Pros & Cons of Selling on Third Party Websites

If you are selling your art or handmade work online, you may have your own website, or are possibly using a third-party platform. What are the benefits of each?


Pros and Cons of using a third party website to sell your handmade work.


Third party sites, such as Etsy, Facebook, or other places where you either rent or have access to free space, own that space online. They make the rules. They can throw you off, charge you fees or increase them, or require terms that you aren’t comfortable with.

The benefits of these sites are that you have a place where your images are easy to upload, and you don’t have to start from scratch or reinvent the wheel. Many times, they have high Google rankings and their sites are easy to find. They do a lot of the marketing, and they provide other services, like a shopping cart that make it simple to get into the business of selling your handmade items.

But, they are also crowded with the work of many other artists, and you must find a way to stand out. You might have to spend hours every week trying to get featured on the front page of the site, or you might have to buy ads, which involves time and/or money. If you feel it’s working well for you, you may want to keep your online presence there. If not, consider your other options.

Many times artists feel that although they started out displaying their work on a third-party site, they have outgrown it. Etsy for instance doesn’t give you a slideshow featuring your work on your shop page, or a way for customers to sign up for your email updates. If you have moved beyond that level, you will want to move to your own art website.

This is where an individual artist website really shines. You are, of course, the one who is in control. No one can close you down, tell you what you can and cannot do, or change your business model.

Fortunately, there are ways to incorporate e-commerce right into your own website, through plug-ins (on WordPress for instance), linking through to a third party site to act as your shopping cart, or using a storefront such as Shopify or SquareMarket.

There are also providers with easy templates for individual artist websites that you can easily customize, and act as a free-standing art site that is your own. This helps minimize the cost for artists who want exposure without the big price tag.


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  1. Yes, this is such a challenge for most of us! I run a collective of handmade shops, Artizan Made, and we started out as a place for promoting our members through the blog and social media. We are using WordPress and in October, I tested setting up a shop on the site with one product from each member linking back to their site. Most have shops on Etsy, but increasingly we are seeing people leaving and setting up their own sites with their own carts. The experiment showed clearly that visitors clicked more on the products than on blog posts. I think this is because there is a clear way to search and find things that interest them.

    I think Etsy is a great place to start out as they do have excellent seller tools, tutorials and infrastructure. But, it has gotten so huge that many of us have seen a tremendous drop in sales and views. It also has so much junk now that shopping there can be a bit of a chore. The best strategy, I think, is to have your own site and shopping cart, have a small presence on Etsy as a “hook” or almost like an ad, just in case you do get found there. There is also a trust issue where shoppers might not feel comfortable shopping on a small indie site. If something goes wrong, there is no accountability, so an umbrella site can help provide that security.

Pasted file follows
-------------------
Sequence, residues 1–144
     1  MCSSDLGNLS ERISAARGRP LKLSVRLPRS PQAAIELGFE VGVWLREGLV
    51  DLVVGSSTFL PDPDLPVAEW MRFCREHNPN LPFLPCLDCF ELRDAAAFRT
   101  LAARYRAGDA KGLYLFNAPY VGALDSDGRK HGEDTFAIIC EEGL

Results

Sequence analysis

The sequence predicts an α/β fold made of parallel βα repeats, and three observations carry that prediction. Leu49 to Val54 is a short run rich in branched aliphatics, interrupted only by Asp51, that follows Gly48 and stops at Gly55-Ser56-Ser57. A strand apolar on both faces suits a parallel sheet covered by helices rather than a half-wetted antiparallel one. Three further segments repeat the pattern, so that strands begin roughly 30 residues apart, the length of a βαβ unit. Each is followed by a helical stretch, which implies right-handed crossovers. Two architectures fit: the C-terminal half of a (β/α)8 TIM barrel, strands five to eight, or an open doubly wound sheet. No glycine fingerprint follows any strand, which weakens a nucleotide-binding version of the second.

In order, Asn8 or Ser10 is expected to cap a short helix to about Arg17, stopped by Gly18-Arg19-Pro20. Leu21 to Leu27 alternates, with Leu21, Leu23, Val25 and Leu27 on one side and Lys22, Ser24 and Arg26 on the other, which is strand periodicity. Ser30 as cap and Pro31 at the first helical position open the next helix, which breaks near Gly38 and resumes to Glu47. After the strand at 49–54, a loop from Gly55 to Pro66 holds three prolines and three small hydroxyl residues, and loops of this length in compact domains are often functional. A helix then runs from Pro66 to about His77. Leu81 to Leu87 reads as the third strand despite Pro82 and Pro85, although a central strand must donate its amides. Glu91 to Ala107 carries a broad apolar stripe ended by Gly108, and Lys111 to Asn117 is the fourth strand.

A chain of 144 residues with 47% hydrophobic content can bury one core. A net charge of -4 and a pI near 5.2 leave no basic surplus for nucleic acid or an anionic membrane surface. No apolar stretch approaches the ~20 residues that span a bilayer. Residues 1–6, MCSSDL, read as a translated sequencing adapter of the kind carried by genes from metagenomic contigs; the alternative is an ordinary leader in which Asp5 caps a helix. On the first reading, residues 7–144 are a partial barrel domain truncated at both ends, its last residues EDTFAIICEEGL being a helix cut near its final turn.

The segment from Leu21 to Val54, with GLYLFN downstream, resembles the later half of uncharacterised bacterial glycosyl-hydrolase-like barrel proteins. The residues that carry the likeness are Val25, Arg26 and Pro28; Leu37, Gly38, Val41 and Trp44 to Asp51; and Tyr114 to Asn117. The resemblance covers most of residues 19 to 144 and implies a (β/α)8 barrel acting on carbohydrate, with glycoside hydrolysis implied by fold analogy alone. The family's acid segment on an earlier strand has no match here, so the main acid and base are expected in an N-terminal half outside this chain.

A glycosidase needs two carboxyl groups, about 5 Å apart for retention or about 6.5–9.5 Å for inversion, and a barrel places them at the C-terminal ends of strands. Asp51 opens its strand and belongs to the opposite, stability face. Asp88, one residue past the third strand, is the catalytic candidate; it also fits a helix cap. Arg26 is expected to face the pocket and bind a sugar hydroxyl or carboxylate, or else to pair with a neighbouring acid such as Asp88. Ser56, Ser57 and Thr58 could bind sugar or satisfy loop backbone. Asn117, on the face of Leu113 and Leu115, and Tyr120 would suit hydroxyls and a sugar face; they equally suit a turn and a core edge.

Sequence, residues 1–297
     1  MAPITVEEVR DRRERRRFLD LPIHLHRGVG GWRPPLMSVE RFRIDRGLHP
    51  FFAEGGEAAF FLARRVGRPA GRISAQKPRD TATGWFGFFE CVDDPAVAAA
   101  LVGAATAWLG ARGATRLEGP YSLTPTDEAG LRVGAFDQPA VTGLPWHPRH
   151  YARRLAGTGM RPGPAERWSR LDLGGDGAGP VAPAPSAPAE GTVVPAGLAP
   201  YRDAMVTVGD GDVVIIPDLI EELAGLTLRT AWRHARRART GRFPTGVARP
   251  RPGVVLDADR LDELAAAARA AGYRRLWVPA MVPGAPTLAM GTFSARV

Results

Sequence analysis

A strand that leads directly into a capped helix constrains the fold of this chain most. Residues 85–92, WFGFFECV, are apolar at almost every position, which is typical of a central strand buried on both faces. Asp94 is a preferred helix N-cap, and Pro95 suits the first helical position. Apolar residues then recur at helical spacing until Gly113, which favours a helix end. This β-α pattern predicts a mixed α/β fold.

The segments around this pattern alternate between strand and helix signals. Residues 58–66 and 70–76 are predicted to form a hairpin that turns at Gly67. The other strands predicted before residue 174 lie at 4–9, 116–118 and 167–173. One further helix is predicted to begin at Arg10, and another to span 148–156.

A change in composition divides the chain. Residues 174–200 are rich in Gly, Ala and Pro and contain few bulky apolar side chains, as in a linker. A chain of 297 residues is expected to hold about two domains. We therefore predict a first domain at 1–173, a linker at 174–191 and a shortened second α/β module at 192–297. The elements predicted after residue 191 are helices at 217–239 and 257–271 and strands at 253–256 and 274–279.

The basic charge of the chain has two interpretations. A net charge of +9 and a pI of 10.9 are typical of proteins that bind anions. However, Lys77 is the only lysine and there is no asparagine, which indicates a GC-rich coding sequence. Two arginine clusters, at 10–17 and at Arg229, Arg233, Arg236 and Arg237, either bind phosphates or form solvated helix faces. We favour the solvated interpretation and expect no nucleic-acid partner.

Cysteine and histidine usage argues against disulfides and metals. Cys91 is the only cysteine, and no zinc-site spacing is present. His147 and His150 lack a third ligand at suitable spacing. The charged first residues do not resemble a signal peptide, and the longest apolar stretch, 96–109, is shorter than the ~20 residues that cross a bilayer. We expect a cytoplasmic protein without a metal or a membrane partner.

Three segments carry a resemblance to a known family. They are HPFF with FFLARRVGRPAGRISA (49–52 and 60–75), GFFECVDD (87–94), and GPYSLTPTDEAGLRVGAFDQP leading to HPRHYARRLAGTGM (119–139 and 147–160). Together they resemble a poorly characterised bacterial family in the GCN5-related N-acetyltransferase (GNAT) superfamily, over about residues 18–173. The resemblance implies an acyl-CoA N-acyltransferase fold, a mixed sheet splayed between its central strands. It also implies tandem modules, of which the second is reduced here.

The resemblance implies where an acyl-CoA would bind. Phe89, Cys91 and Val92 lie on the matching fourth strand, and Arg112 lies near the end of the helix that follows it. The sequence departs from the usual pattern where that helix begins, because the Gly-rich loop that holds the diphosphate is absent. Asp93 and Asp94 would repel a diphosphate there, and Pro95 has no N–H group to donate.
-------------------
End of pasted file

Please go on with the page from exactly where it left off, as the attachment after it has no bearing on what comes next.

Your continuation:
The model we are developing on Artizan Made is something that I think others should explore. We are set up as a collective. The members pay a monthly fee which goes to help pay for my time, site costs and marketing. It’s a lot of work to do this but being a part of a group provides support and helps alleviate some of the promotional stress. In March we decided to set up an actual market where the members can list products for sale, link to their other sites or create made to order listings. Now it’s June and we are still not quite finished. The tech challenges have been a nightmare and it’s been an expensive process as many different pieces have to come together to make it all work (the right theme, marketplace plugin, a huge hosting space, cart infrastructure, and so on…).

    I think of this as a chamber of commerce approach where different themes could come together to attract the right customers. Our focus is on functional art or high craft and eco fashion. We just started accepting handmade supplies as well. We are at 70 shops right now and want to grow to 500 which will give us enough income to pay for staff and the kind of marketing we want to do. I don’t think we will go bigger than that as we would start having the same kind of problems on sites that are too big. People would get lost in the shuffle once again…

    Nothing is easy, but a strong group can make a huge difference for an indie shop. One of my mottos: “Together we can do great things!”

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